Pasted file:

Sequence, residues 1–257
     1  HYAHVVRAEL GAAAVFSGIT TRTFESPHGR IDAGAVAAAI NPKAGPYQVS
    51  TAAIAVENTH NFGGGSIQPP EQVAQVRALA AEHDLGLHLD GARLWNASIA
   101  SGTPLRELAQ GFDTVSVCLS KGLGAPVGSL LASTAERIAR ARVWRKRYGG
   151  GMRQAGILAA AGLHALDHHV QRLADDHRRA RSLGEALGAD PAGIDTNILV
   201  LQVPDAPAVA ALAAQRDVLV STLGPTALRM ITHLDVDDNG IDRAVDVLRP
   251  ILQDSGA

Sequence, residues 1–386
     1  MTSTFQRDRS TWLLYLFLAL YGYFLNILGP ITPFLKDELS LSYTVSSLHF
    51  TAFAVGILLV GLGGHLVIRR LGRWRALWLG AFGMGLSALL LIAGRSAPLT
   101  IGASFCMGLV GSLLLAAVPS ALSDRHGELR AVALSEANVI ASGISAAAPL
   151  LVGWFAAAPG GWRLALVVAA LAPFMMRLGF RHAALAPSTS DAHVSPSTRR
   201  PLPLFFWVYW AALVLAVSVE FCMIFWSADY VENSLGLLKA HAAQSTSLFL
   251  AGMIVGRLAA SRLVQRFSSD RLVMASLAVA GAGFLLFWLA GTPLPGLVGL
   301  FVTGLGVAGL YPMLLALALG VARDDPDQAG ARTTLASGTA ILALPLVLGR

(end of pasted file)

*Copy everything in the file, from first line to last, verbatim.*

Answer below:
Sequence, residues 1–257
     1  HYAHVVRAEL GAAAVFSGIT TRTFESPHGR IDAGAVAAAI NPKAGPYQVS
    51  TAAIAVENTH NFGGGSIQPP EQVAQVRALA AEHDLGLHLD GARLWNASIA
   101  SGTPLRELAQ GFDTVSVCLS KGLGAPVGSL LASTAERIAR ARVWRKRYGG
   151  GMRQAGILAA AGLHALDHHV QRLADDHRRA RSLGEALGAD PAGIDTNILV
   201  LQVPDAPAVA ALAAQRDVLV STLGPTALRM ITHLDVDDNG IDRAVDVLRP
   251  ILQDSGA

Sequence, residues 1–386
     1  MTSTFQRDRS TWLLYLFLAL YGYFLNILGP ITPFLKDELS LSYTVSSLHF
    51  TAFAVGILLV GLGGHLVIRR LGRWRALWLG AFGMGLSALL LIAGRSAPLT
   101  IGASFCMGLV GSLLLAAVPS ALSDRHGELR AVALSEANVI ASGISAAAPL
   151  LVGWFAAAPG GWRLALVVAA LAPFMMRLGF RHAALAPSTS DAHVSPSTRR
   201  PLPLFFWVYW AALVLAVSVE FCMIFWSADY VENSLGLLKA HAAQSTSLFL
   251  AGMIVGRLAA SRLVQRFSSD RLVMASLAVA GAGFLLFWLA GTPLPGLVGL
   301  FVTGLGVAGL YPMLLALALG VARDDPDQAG ARTTLASGTA ILALPLVLGR